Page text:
Category: Archive

Robinson attacks Calif. Democrats

February 17, 2011

By Staff Reporter

Mr Robinson has written to US Secretary of State Hillary Clinton to raise his concerns about the development.
In last week’s Irish Echo the head of California Democratic Party, John Burton, said the world had waited “much too long” for the unification of Ireland.
“The continuous struggle to obtain a united Ireland has gone on for much too long but now Irish Americans have a chance again to use their influence to support a peaceful solution to this issue,” said John Burton, who chairs the California Democratic Party.
“Our task now is to lobby our elected officials and government so that they in turn can influence governments across the world to support a united Ireland.”
“This is an issue which all people should be concerned about, regardless of background. American governments were paying too much attention to what the British government wanted in Ireland instead of paying attention to what the Irish people wanted. We have an opportunity now to adopt a new approach.”
Writing in his capacity as DUP leader, Mr Robinson said: “I hope we will see the administration openly distancing itself from this motion adopted by the California Democratic Party.”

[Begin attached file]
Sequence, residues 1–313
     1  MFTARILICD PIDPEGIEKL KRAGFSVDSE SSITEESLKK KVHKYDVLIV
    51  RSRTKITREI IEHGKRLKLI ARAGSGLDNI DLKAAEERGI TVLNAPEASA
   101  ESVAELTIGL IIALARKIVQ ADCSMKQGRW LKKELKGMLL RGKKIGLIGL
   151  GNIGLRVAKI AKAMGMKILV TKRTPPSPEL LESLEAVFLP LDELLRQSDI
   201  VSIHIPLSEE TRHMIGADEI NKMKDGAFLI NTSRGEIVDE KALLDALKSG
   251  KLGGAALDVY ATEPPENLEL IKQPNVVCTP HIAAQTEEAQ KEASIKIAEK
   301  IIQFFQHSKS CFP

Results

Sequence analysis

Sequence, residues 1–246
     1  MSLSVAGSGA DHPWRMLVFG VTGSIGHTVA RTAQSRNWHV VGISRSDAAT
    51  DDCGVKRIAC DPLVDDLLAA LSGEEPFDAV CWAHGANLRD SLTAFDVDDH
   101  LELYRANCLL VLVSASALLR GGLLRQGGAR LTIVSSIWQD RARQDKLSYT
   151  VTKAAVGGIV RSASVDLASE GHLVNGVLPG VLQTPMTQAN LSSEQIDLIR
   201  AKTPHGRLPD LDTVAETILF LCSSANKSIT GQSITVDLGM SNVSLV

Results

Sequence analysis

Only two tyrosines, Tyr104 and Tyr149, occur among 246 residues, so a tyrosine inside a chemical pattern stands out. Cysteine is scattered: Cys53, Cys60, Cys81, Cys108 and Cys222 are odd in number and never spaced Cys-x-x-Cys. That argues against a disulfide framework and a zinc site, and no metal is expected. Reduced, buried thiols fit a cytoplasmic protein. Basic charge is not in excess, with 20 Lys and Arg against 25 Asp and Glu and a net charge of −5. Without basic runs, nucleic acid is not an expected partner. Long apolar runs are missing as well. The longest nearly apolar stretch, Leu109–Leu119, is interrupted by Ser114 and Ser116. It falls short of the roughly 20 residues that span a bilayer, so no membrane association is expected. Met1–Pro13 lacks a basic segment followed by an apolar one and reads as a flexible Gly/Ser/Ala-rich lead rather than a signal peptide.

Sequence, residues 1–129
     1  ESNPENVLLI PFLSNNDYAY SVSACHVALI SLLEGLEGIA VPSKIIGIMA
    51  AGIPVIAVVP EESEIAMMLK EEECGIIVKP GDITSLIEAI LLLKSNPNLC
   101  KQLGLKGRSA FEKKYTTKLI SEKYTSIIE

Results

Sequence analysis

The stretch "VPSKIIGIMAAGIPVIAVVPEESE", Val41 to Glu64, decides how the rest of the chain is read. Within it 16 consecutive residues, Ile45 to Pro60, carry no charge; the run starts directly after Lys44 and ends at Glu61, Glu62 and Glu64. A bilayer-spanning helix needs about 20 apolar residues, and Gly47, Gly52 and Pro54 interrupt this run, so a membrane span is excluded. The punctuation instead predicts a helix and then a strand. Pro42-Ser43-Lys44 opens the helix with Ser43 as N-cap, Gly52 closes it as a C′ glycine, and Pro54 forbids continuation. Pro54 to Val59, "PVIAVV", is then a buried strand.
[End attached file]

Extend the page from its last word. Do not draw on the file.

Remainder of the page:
“I have no doubt that the adoption of this foolish motion by one state Democratic Party will seem of limited importance to the White House or the US State Department, nevertheless it raises concerns with people here in Northern Ireland,” he said.
“The Democrats control all three branches of the United States government: the Senate, the House of Representatives and the Presidency.
“It is vitally important that they are seen to be adopting a neutral and even-handed policy on Northern Ireland.
“Any sign that the administration favours one political point of view in Northern Ireland over another could have potentially damaging and destabilising consequences for US-Northern Ireland relations.”
Mr Robinson said that the Bush administration had been successful in its work with the Northern Ireland because it was seen as an “honest broker that did not pick sides.
“People want to see the Obama administration adopt an honest-broker role,” he said. “The adoption of a resolution supporting a united Ireland is not compatible with such a position prevailing.”
The First Minister said that both President Obama and Mrs Clinton had given him verbal assurances during past meetings that they would be supportive of “both traditions” in Northern Ireland and would not “engage on behalf of any sectional interests”.
The California Democrat move came in wake of Sinn F

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